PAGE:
Developing a market in low-carbon ventilation
Published: 06 June, 2009
Ventilating buildings while minimising carbon emissions is one of the challenges of the future, and one on which Vent-Axia is basing its market development.
In the current economic environment facing the construction industry it could be all to easy to sit tight hoping to ride out the recession. Ronnie George, managing director of Vent-Axia, has different ideas — preferring to look for new markets in which to sell the company’s products and to develop new products in response to ever-increasing pressures to reduce the energy used by buildings in the UK.
Vent-Axia’s expertise has long been in ventilation, with its product range covering residential and commercial buildings long having moved on from extract fans to full mechanical ventilation systems, with and without heat recovery. One of the most recent launches is demand-based energy-recovery ventilation to maintain a good environment in buildings while minimising energy consumption. Rather than just suck air and energy out of a building, the move is towards putting fresh air back into that building and transferring energy from exhaust air to fresh air.
Ronnie George’s perspective on the economic environment has lots of positive buts.
He acknowledges that private housing completions are predicted to be as low and 80 000 in 2009 — but points out that the Homes & Communities Agency will fund at least 180 000 new affordable new homes in the next three years. In addition, the ambition by 2010 to 2011 is to see a building rate of 70 000 homes per year.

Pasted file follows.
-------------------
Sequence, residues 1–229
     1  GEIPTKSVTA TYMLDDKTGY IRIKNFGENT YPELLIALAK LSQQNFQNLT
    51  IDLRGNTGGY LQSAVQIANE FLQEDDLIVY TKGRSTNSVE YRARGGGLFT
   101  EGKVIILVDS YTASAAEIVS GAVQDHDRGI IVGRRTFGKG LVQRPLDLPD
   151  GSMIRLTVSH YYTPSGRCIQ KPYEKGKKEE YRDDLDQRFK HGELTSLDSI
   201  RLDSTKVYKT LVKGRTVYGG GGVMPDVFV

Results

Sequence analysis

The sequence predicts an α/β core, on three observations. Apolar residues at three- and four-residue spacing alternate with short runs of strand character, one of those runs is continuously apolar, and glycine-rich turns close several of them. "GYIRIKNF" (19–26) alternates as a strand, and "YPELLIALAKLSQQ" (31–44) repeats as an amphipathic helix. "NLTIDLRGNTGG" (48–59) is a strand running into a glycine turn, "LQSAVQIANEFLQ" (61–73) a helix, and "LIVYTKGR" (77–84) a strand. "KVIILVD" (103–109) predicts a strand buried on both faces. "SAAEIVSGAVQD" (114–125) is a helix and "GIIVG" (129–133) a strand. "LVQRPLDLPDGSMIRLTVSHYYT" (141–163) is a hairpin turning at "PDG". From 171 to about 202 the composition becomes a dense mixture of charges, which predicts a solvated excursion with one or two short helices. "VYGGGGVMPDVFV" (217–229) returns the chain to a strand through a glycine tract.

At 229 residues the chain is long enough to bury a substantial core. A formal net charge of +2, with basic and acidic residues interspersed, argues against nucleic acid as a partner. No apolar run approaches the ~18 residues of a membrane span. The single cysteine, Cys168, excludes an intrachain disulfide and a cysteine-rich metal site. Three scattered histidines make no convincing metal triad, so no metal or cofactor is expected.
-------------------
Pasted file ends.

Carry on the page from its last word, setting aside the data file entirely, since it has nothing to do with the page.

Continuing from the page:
Private commercial and industrial workloads are at the lowest rate on record — but Building Schools for the Future envisages a spend of £2.5 to £3 billon every year until 2011. In addition, the 2012 London Olympics presents business opportunities.
Another key market driver for Vent-Axia is the continuing pressure to reduce the energy used by buildings, with, for example, the Code for Sustainable Homes requiring all new homes to be zero carbon by 2016 and the 2010 revision to the Building Regulations expected to require a further 25% reduction in the carbon footprint of new buildings and reductions in the energy consumption of refurbishment projects.
It is against this background that Ronnie George claims that Vent-Axia is the first manufacturer to launch a low-carbon range of ventilation products for all the categories mentioned in the second paragraph. The company’s action plan for the future is largely based on reducing carbon emissions — both from its products in use and in its manufacturing facilities.
The Volution Group, of which Vent-Axia is a part, has four ‘centres of excellence’ — Swindon, Reading, Dudley and Crawley.
Ronnie George says that the Swindon factory is the only UK manufacturer of DC motors, supplying over a million to the HVAC market a year from this 7500 m2 factory. It is the key provider of Vent-Axia’s LoWatt technology.
The 4600 plastic injection and extrusion factory at Reading operates 24 h a day producing moulding entirely for use by the Volution Group. Over 3.5 million fans are made each year, and there are five extrusion lines for rigid and flexible duct.
The largest site, at 11 000 m2, is at Dudley, and makes metal products, including Sentinel demand ventilation and Sentinel Totus D-ERV (demand-based ventilation with energy recovery). It also makes heat-recovery and Multivent products.